By rendering 500 and 1,000 rupees illegal in one stroke and imposing restrictions on how the money could be returned to lenders, Modi had been intending to make it hard for hoarders of undeclared wealth, or black money, to exchange their undeclared cash for legal tender. Rs 16,000 cr out of demonetised notes of Rs 1544,000 cr did not come back to RBI. “Shame on RBI which “recommended” demonetisation”, Chidambaram tweeted. “The economists deserve a Nobel Prize”, Chidambaram said sarcastically.
“99 pc notes legally exchanged! Was demonetisation a scheme created to convert black money into white?”, Chidambaram said on Twitter.
These officials said the fact that nearly 99% of banned Rs 500 and Rs 1,000 notes demonetised last November have returned to the system was proof that “demonetisation and its associated effects were setting the Indian economy on the right track”.
There was no official word about the meeting but sources said that the Prime Minister sought to motivate the ministers and the government officials, saying that they should not face any trouble into speedy and timely implementation of centrally funded schemes as there were NDA government in both the states.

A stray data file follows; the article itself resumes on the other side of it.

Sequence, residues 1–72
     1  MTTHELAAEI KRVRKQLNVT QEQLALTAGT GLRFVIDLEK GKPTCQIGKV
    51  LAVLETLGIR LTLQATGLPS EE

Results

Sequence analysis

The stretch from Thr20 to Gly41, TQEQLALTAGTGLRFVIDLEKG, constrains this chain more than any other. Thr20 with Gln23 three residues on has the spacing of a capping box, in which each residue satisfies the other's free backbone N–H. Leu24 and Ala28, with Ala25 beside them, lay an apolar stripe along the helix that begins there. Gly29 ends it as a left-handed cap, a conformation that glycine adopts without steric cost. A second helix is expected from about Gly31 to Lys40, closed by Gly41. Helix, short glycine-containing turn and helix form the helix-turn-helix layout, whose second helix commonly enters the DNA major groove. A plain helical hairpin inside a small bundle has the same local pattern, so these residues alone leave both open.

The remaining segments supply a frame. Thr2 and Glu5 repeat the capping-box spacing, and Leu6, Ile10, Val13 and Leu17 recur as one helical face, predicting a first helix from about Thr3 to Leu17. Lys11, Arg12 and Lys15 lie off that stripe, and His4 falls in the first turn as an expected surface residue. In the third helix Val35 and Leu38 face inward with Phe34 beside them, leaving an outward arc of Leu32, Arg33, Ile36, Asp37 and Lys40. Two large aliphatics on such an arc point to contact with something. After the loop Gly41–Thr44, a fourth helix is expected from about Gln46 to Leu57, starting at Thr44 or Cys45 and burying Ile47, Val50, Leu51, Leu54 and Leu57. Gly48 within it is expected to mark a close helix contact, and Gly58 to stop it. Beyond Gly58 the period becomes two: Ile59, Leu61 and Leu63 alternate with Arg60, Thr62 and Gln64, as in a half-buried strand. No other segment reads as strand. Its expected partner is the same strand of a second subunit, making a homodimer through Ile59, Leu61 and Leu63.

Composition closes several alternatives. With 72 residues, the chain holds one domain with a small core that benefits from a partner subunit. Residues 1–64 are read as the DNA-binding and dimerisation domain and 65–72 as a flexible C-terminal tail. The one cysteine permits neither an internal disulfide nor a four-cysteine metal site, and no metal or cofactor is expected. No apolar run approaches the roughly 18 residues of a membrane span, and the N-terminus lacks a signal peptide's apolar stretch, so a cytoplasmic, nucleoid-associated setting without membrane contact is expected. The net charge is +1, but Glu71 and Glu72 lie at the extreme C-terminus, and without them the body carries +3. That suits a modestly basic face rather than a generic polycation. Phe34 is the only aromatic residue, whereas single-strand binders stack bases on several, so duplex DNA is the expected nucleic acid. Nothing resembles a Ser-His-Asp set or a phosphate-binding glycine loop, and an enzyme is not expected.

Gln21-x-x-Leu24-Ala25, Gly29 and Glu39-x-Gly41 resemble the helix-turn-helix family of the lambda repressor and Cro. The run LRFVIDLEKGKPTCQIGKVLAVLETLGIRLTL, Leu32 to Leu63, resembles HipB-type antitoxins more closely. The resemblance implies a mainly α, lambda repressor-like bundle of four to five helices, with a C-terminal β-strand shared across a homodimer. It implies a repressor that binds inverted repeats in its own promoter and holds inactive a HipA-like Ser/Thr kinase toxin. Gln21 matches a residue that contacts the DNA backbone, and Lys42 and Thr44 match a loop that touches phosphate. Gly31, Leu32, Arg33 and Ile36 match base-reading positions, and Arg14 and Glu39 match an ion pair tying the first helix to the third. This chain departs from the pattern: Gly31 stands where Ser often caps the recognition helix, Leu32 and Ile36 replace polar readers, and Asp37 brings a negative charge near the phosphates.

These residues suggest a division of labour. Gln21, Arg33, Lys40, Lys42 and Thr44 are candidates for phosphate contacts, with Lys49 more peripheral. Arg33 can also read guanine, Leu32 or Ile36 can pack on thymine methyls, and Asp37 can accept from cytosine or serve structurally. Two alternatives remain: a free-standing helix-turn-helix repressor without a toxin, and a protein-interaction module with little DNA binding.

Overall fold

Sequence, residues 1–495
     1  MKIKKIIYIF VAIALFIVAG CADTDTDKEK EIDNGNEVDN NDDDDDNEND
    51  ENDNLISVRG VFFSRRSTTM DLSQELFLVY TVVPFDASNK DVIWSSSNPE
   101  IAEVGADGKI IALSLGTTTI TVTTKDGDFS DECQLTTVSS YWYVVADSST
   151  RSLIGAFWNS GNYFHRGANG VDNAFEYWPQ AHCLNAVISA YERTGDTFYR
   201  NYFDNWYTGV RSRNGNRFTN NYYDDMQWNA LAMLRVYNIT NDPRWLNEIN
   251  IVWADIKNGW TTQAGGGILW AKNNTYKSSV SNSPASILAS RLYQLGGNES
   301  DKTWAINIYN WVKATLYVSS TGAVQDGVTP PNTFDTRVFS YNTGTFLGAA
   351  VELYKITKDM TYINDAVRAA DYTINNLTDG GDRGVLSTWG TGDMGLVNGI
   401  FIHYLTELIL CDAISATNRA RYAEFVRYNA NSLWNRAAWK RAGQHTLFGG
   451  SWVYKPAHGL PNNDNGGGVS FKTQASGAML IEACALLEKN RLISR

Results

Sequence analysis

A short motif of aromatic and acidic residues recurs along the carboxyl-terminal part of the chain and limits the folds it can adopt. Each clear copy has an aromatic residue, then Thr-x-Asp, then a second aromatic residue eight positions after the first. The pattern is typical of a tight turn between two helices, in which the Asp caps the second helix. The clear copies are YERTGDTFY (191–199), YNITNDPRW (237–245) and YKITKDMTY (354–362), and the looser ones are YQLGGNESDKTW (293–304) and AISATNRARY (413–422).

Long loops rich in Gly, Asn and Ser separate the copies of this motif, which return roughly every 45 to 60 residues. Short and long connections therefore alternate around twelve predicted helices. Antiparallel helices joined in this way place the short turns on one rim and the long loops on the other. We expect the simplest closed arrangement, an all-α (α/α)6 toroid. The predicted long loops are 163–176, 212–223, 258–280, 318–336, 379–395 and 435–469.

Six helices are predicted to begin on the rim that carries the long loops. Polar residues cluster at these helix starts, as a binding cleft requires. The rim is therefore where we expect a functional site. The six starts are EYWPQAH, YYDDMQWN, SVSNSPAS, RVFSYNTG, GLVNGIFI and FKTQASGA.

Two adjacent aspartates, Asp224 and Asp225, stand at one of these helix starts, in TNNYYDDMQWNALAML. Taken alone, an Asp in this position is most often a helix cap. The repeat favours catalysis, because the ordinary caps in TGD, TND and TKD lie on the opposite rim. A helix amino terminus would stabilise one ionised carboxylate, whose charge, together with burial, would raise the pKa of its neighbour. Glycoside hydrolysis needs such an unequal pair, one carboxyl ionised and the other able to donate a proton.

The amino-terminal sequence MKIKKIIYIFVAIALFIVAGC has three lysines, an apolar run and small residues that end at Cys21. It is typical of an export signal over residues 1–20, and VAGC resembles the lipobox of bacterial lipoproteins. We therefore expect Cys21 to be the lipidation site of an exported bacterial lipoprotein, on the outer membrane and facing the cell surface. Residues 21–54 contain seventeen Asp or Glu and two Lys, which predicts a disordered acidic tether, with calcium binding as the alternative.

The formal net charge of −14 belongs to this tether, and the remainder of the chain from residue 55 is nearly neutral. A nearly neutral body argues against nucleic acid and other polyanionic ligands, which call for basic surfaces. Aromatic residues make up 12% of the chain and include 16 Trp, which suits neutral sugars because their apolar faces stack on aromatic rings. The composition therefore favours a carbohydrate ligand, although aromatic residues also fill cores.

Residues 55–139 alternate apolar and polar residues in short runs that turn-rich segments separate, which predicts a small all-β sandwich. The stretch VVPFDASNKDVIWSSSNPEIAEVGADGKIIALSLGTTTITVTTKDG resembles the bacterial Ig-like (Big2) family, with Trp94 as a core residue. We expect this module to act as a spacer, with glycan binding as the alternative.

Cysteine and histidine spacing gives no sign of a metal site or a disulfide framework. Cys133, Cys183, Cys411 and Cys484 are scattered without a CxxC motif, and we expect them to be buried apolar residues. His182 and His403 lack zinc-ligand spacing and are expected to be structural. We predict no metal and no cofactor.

Earlier on November 8 previous year, the Prime Minister Narendra Modi-led government announced its demonetization drive, wherein, currency denominations of Rs. 500 and Rs. 1,000 notes were stopped as legal tender.
He also referred to Modi’s past speech with a headline – “Give me 50 days, burn me alive if I am wrong”.
Accusing Modi of obfuscation, Surjewala said figures given by the RBI had again exposed the government. “Only one per cent has not returned”, she said. 99 per cent of the demonetised currency has come back to the RBI. Of this, Rs 9,000 crore still stuck. “Rs 21000 Cr spent to recover Rs 16000 Cr!”
He also said that the demonetisation scam not only dented institutional sanctity of the RBI, but also credibility of India overseas and demanded an apology from the prime minister. “I feel it was a total flop show”.
General Secretary Sitaram Yechury took to Twitter, and termed demonetisation as an “anti-national act”, asking the Prime Minister, “All this for what”. 100s died in queues. All this for what?
In a follow-up tweet, Yechury wrote that demonetisation brought “shock” to the economy, “workers lost their jobs”.
The government promised that the national tax, which replaced more than a dozen separate levies, would transform India’s $2 trillion economy into a single market for the first time.
“Boasts on end to black money, terror and counterfeit currency have all fallen flat”.
According to the RBI annual report for the last fiscal, 89 million pieces of the banned Rs 1,000, totalling Rs 8,900 crore, had not been returned, out of 6,700 million such notes.